10 best practices to protect your company’s digital security
Malicious attacks on corporate IT systems are becoming more frequent and sophisticated. The consequences of an intrusion can be disastrous, and can even threaten a company’s very survival. Here are 10 best practices to reinforce IT security.
1. Engage and train users.
A user is a weak link in a company’s security if he or she hasn’t been educated about security issues or adequately trained in best practices. And overall IT system security is only as strong as its weakest link! Every user must know which data is considered sensitive and be familiar with the company’s security policy and related guidelines. For example, basic rules could include: never re-using a personal password at work; not connecting personal equipment to the company network; locking the session on one’s work station before stepping away from it; knowing the procedure to follow when suspecting a potential breach; etc. Companies can organize spot-training on specific issues — for example, an information session on phishing, on ransomware, on the risks associated with USB keys, etc.
2. Secure work stations.
Companies must develop a policy on which software can and can’t be installed on work stations. This could take the form of a list of applications and browser extensions, or application installations requiring authorization by the IT department. You may want to host authorized applications on your own server as a way to guarantee their authenticity. Furthermore, work stations must always be up-to-date and equipped with at least antivirus and antispam software, and a local firewall that is correctly set up. Volumes and partitions where user data are stored must be encrypted and regularly backed up on unconnected systems. Encrypting laptops, especially those that leave the premises, is vital because of the heightened risk of theft or loss.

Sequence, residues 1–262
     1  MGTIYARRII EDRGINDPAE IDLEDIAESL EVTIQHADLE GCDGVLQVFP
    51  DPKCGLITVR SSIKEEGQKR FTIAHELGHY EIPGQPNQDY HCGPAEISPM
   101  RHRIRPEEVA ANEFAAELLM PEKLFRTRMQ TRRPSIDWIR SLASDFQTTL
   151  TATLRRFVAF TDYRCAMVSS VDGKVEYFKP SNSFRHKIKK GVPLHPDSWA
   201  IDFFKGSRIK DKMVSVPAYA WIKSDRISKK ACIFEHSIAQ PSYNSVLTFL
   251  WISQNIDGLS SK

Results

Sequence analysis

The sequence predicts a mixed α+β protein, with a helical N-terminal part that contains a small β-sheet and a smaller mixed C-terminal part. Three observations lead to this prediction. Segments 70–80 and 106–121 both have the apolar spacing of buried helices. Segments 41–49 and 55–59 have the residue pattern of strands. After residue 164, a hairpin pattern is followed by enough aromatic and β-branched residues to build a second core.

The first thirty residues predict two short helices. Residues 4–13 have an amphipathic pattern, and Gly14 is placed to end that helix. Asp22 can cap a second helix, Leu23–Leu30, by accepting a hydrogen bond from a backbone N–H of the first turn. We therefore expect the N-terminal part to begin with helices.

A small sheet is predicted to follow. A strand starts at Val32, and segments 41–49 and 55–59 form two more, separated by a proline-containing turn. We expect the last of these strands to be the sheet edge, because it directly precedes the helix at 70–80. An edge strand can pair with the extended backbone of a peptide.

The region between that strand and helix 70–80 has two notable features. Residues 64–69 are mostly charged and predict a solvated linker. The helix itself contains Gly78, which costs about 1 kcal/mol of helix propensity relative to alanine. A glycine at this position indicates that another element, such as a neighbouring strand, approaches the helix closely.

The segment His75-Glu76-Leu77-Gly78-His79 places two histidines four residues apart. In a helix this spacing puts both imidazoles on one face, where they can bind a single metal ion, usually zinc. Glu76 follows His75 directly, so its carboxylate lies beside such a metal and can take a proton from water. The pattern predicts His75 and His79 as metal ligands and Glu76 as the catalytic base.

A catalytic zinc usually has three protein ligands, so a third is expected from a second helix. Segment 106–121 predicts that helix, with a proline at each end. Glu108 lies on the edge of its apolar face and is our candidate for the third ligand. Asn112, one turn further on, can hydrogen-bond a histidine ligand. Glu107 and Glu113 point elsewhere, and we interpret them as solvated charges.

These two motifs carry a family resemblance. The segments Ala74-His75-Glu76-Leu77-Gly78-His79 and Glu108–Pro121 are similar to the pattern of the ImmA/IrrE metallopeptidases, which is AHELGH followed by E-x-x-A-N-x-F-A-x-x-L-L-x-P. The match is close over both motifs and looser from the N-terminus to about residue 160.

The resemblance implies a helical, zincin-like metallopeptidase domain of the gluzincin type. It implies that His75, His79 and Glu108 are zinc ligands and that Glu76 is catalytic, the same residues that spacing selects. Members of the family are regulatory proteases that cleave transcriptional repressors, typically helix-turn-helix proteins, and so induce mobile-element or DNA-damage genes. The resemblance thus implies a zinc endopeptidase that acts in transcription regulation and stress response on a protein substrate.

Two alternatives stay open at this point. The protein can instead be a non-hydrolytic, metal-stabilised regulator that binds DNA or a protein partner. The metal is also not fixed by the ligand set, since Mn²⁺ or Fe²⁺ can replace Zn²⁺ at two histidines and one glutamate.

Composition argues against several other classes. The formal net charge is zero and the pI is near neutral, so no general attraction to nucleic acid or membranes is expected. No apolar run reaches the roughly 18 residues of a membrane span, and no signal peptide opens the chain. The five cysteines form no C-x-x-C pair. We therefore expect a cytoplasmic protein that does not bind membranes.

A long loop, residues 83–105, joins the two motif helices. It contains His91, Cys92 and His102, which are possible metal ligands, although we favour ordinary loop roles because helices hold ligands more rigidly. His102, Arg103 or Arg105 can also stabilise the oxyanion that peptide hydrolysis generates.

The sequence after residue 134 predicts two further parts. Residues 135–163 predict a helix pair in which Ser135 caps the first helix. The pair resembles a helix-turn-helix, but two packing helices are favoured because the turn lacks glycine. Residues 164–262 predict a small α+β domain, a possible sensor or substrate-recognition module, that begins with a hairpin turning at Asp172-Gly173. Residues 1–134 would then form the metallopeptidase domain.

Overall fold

3. Localize sensitive data.
All companies must manage their sensitive information, i.e. any data whose loss or theft could be damaging or even disastrous. Companies must know at all times where the data resides and on which physical equipment it is located, in order to define specific security measures. Data that resides on external systems (for example, on the cloud, on an IaaS, or on a PaaS) must be accorded special treatment due to their specific risks, and some thought must be given to the merit of externalizing this data in light of security issues. Identifying sensitive data also allows you to better control associated access rights.
4. Ensure tight management of user accounts.
Companies must constantly ensure a flawless management of user accounts, removing them as soon as employees leave the company and regularly reviewing accounts in order to ensure the appropriate level of rights. For example, you don’t want to grant more rights than is necessary; not everyone needs administrator rights. You’ll also want to ensure the proper configuration of access rights to sensitive data. Finally, in the interest of traceability, never allow generic multi-user accounts; you’re much safer banking on single-user accounts.